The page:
If the number of people reporting directly to you is approaching double figures, it might be time to ask other team members to step up. Two HR Directors from People Puzzles advise on how to go about it.
Do you sometimes find yourself pulled in so many directions, that there simply isn’t enough time in the day to focus on developing the business? It could be because you have too many people reporting to you and asking for decisions that could easily be made by others. ‘Being bogged down in day-to-day activities often means managers are not using their skill set to the optimum,’ says Alison Cooper, HR Director at People Puzzles.
And it’s not just the manager who suffers these symptoms. ‘It’s not good for the people who report into them either, because they’re not developing their management skills, and not getting decisions made quickly enough,’ says Mark Davies, also a People Puzzles HR Director.
How many is too many?
Around five direct reports seems to be the optimum number, according to Mark and Alison, although there are some scenarios where up to nine can work.
When it comes to the senior team in a company, however, too many people reporting directly to the owner manager can really hold the business back. Alison recalls working with someone who had 13 people reporting directly to her. ‘She had to do 13 appraisals at the end of every year!’ she says. ‘It simply wasn’t an effective use of her time. She was a superb client-facing leader and developing client relationships was where she needed to focus to grow her business.’
Both Alison and Mark agree a senior team should typically include no more than those in charge of key functions, such as finance, production, sales, operations and marketing, depending on the functions you have in the organisation. ‘You need to have direct access and line of sight over the main functions of your business,’ Alison says.
What do I do about it?
Of course, letting go and delegating effectively is a key part of reducing the number of direct reports, but it’s also important to create the right framework. ‘It’s all very well saying delegate, but if you don’t delegate within a framework, people don’t know where they stand and won’t be sure what they can and can’t do,’ says Alison.
There are usually several framework options and the best one will depend on the direction you, as the business leader, wants to go. It will also depend on where the strengths lie in the team.
Design a framework
A key part of that framework, according to Alison, is in developing the talent that sits below you so you have people who are capable of running sections of your business and that they understand what their decision-making levels are. ‘They may have to refer back up to their line manager or the owner of the business for certain things,’ she explains.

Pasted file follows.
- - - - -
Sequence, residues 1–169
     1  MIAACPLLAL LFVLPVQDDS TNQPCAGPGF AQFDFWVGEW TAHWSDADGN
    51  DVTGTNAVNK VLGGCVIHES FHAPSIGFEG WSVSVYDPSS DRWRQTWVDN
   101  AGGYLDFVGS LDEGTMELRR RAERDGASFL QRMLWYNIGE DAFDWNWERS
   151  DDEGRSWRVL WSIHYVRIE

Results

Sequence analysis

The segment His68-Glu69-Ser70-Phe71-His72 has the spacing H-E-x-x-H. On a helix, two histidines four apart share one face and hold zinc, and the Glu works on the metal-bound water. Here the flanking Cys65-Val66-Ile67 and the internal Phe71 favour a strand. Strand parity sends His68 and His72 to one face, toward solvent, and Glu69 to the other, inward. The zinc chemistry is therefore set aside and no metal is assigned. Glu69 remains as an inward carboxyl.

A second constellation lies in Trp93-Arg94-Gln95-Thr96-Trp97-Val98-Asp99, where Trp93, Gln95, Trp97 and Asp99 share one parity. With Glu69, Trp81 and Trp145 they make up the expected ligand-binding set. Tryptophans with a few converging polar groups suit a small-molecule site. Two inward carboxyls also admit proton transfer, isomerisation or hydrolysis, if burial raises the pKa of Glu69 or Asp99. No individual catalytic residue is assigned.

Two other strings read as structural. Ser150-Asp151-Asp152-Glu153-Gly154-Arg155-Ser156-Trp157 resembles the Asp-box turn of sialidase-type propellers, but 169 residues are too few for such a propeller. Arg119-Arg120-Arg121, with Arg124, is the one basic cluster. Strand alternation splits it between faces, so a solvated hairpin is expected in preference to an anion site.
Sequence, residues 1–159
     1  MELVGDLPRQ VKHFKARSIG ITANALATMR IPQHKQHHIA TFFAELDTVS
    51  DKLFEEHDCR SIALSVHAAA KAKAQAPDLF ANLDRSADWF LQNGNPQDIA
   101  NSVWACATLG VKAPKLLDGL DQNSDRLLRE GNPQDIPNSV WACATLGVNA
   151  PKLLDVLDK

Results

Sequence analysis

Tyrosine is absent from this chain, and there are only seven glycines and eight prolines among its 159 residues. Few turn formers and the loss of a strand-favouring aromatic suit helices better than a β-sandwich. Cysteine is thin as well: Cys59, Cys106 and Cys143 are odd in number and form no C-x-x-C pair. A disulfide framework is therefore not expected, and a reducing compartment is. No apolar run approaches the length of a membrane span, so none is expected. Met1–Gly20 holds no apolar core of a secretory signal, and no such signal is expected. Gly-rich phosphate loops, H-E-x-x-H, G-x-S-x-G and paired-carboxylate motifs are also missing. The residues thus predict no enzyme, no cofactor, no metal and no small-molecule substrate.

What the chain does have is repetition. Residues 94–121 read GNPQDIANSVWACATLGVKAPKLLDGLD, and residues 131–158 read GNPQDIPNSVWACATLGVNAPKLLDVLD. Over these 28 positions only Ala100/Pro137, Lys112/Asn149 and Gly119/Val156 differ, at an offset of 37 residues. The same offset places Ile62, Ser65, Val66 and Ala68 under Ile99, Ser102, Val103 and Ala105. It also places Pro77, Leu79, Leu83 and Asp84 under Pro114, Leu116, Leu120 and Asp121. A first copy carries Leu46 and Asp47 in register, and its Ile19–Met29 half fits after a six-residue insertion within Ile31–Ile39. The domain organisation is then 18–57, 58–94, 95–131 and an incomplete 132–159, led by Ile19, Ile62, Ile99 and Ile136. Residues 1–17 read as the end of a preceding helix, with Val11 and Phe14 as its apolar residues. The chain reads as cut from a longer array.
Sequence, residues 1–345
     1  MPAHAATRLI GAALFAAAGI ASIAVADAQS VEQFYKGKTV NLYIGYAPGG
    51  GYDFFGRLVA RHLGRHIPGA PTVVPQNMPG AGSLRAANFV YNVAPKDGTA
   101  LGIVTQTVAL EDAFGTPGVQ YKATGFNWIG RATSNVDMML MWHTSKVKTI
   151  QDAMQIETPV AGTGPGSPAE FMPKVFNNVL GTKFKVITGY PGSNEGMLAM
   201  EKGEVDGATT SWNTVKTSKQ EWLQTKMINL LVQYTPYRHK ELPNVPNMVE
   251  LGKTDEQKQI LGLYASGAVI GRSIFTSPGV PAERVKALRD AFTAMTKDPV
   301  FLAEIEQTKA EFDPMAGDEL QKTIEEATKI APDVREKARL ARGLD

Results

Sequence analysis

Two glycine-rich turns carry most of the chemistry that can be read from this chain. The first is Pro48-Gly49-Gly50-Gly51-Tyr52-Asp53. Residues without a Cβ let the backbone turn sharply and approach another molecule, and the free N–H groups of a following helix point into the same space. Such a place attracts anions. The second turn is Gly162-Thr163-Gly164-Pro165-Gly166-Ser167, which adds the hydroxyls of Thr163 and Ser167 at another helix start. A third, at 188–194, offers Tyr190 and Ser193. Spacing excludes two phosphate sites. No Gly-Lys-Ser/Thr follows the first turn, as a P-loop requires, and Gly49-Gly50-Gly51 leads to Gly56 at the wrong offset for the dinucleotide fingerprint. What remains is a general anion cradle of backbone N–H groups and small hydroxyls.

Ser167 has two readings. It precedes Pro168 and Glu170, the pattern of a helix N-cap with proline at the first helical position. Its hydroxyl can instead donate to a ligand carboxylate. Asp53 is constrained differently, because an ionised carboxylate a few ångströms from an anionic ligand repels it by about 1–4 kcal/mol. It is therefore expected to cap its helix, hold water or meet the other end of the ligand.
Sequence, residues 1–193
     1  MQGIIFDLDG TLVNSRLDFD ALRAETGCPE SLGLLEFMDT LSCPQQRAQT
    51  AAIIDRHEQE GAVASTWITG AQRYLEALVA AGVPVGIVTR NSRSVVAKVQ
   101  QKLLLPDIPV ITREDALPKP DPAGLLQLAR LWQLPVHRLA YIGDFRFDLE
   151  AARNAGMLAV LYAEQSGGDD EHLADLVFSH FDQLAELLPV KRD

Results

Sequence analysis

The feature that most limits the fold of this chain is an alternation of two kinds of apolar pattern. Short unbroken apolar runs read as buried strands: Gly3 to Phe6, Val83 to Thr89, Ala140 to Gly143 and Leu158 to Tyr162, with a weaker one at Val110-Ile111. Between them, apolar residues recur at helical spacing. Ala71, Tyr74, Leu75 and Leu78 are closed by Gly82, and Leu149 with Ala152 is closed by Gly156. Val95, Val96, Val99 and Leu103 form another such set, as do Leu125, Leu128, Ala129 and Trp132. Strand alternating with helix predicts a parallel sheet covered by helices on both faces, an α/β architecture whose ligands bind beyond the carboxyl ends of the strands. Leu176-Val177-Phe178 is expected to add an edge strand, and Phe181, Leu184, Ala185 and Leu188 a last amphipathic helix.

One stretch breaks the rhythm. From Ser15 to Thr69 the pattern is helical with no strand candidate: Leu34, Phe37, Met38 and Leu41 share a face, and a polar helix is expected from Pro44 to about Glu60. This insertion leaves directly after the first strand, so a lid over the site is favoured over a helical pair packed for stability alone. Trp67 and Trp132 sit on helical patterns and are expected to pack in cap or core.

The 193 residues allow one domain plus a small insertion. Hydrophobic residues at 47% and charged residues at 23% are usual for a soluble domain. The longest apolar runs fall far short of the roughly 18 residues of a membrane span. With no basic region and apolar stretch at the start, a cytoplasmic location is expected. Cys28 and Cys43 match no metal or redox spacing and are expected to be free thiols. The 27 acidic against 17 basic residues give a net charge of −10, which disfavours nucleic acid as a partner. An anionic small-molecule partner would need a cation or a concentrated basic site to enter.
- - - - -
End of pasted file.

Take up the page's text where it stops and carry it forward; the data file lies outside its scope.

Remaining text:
Keep it simple
Alison warns of the dangers of creating too many managers, resulting in a ‘giraffe’ structure where you have too many layers. ‘This inhibits decision making,’ she says. ‘The new framework needs to be appropriate for the organisation.’
Develop the right people
Alison advises to look carefully at the team to see who would best fit a managerial position. It might not be the person who’s been there the longest. ‘Even if someone has managed before, don’t just expect them to slot straight into a management position in your organisation,’ she warns. ‘It’s about how they manage other individuals or teams. Would they be comfortable having those more difficult conversations and help their teams learn and grow?
Sensitivity may be needed at this time for those passed over for managerial responsibilities; while some may be relieved, others might get despondent and become disengaged as a result. As well as being able to give the rationale behind your selection, there may be a transition period as your employees go from always having access to you, to having a level between you. Maintaining high levels of communication at this stage can provide extra reassurance that their voice is still being heard.
Empower and engage staff
For capable staff however, a more structured hierarchy creates a potentially more enriching work environment. ‘For many people, it’s a development opportunity and most people are looking for those,’ says Mark. ‘The added benefit of not having to make all the decisions is that you get empowerment and trust, engagement and retention,’ says Alison. ‘It provides confidence for those individuals if they have clarity in their roles as well as accountability for what they’re responsible. You may need to finely define those responsibilities at first, but as they learn and grow, there will be an opportunity to expand them further.
If you need help restructuring your team, call People Puzzles on 020 3239 3307 or book a free 30 minute HR healthcheck.